Where does your Story Start and End?
We know who the protagonist is and what they want and what's standing in their way. We know who's narrating. Now, we wanna ask, okay, we've got that timeline. What is my timeline of my story? Where does it start and where does it end? Just asking these questions, not getting into what happens in the middle, but just what is the timeframe of this story? What is the span of time that it covers? Does it happen in a weekend, does it happen over three months, is it 17 years? Where does it start and where does it end? Here's a thing to know about that. Stories are about change. Something changes, something has to change. It has to be something we can feel, and see, and know. Now, that can be, as we said before, someone's perception. It can be somebody's place in the world. They can become queen. They can just become, they could become committed to a relationship they weren't committed to. They could fall in love, they can fall out of love, it doesn't matter what it is or how dramatic it is, ...
but something must change. That's what we're looking for is some version of change, and if we think about that, we can then think about an arc of change. That's the basic form of a story, the basic structure. We start, something changes, and we end in a different place, and there's moments along the way. That's the basic structure. The protagonist starts in one place and they end up in another. Knowing that, what we can do is we can look at just the start and ending points. If you only look at that, it's amazing how much information you can glean about your story. We're gonna, in the workbook I asked you to plot out three pairs of a start and an end. Think of this like a bookend or a frame. You're just looking, where does it start, where does it end? That's it and what is that arc of change? They start in one place, they end up in another. I asked you to do it three times because usually in so doing, we come up with all kinds of really interesting information and I'm gonna go through an example of that in a minute. In the workbook, you wanna sketch out these pairs, these three pairs of the start and the end together. When you're turning it into your coach, we're gonna, we wanna see the brainstorm. We wanna see your work on that because there's a lot that we call tell from that. What you wanna ask yourself is which is the strongest? I have an example of three pairs of start and end points that someone in our studio shared with us. We're gonna look at those and think about those. These are from Jenny,. Jenny did three start and end points and I will attempt to summarize your story. Jenny's writing a memoir about a high-risk pregnancy and trying to figure out how to get into this and out of this. Now, what's interesting with a pregnancy is there's pretty obvious start and stop points in most pregnancies, but what I found interesting about the choices that Jenny made is that, and you said this in your, earlier to me, that they all sort of started in the same-ish place. That they, it's a high-risk pregnancy because there's a condition that you have and then you end up with a healthy baby. This one is, you can't get pregnant because of this high-risk condition and you end up with the baby. Then, you discover you're pregnant, but there's this high-risk condition and you end up, well, this one is with the shot. What's interesting about this, having these three choices, is it lets us start looking at that structure and shape, and that arc of change. The reason I think it's interesting is because the one that you choose, the one that you end up choosing is gonna, is gonna be completely dependent on the point you wanna make. That's what's so interesting is, now, remember I talked about this iteration. Now, we're gonna go back and we're gonna look at what point do you wanna make in your book, Jenny? I'm putting you on the spot. Do you know? (giggling) What point about high-risk pregnancy?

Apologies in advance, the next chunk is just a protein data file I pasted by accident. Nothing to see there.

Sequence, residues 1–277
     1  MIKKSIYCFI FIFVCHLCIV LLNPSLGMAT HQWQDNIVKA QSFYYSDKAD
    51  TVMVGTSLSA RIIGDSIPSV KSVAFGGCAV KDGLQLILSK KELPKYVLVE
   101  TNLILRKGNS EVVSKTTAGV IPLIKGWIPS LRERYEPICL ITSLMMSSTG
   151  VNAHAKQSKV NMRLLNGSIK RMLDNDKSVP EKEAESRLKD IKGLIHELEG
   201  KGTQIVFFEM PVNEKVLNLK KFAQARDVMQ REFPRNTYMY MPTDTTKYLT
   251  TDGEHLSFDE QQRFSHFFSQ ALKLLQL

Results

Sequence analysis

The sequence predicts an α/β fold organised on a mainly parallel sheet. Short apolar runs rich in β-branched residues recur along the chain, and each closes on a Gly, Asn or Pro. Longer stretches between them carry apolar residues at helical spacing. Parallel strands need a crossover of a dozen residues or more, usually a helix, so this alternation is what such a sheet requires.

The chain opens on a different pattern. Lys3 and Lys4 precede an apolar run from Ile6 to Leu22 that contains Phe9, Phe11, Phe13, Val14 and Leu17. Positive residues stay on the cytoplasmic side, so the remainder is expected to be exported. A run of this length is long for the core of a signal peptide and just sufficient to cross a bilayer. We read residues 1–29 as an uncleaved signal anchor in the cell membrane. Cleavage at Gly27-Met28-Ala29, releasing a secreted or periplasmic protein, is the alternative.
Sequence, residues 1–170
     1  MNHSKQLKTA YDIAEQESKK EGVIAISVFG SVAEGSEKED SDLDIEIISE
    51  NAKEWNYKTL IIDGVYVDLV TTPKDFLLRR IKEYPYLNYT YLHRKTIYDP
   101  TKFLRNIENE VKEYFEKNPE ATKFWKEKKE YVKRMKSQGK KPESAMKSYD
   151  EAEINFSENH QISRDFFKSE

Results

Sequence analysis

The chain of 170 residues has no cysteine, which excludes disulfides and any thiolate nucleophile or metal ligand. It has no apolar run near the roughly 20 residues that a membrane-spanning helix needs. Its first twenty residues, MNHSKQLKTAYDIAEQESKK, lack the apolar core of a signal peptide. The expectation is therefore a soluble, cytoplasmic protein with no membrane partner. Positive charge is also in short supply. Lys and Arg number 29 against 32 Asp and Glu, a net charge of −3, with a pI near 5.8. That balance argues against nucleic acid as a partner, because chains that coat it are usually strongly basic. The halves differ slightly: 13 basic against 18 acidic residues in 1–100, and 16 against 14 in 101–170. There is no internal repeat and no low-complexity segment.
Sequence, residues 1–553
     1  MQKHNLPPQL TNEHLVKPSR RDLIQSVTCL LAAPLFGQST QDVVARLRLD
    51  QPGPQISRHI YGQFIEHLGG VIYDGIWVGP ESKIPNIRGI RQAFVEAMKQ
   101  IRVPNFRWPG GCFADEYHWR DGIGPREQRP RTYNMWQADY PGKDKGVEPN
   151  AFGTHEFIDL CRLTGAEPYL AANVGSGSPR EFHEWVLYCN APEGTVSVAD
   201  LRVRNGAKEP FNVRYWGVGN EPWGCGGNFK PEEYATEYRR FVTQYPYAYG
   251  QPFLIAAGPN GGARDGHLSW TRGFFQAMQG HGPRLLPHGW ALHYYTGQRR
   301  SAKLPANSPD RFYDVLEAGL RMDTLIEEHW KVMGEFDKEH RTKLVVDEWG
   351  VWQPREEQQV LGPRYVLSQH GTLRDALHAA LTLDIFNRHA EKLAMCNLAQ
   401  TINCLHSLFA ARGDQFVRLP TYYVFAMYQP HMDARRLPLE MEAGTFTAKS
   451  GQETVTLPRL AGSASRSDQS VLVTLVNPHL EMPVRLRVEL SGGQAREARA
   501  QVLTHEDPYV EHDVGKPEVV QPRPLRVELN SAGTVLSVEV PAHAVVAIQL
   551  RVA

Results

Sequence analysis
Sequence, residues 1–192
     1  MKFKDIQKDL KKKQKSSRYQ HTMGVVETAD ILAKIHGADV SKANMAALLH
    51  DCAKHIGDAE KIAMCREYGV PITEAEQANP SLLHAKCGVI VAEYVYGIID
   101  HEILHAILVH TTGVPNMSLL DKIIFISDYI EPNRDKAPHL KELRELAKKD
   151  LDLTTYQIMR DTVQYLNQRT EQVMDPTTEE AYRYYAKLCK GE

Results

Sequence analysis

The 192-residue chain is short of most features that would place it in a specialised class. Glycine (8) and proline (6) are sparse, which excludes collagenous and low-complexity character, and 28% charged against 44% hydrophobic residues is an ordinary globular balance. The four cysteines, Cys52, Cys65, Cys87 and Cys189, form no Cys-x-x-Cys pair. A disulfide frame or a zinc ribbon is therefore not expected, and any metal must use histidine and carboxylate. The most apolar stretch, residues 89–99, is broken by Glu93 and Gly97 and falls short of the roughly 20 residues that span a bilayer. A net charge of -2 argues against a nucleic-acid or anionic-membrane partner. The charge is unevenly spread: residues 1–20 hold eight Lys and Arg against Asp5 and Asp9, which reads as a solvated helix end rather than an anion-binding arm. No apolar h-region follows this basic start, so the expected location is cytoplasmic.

Um, well, with high-risk pregnancy, your end-game is not assured. There's a lot of fear in there. It's more of we hope we're having a baby than we know we're having a baby, and we're decorating the nursery and this is all rainbows and kittens. It's very different and it's very lonely. Nobody talks about those things, and so I'm writing the book to not only let people know that they're not alone, but to also let them know that there's, this conversation is out there to be had.
That's so beautifully said. Your point is you want people to feel less alone who might be in a similar situation and to give them hope and community, and to be there for them. If we think about your ideal reader, then it's pretty clear. Your ideal reader is somebody who may be in a similar situation, a similar high-risk pregnancy, or a similar unsure time of their life where their, they wanna read about how do I get through this uncertainty? What's interesting is when we think about that, is the arc of change then that you went through. When I look at this, I think, okay, here's the person. This is a drug, I don't know what it is, but I know it's a drug for your condition.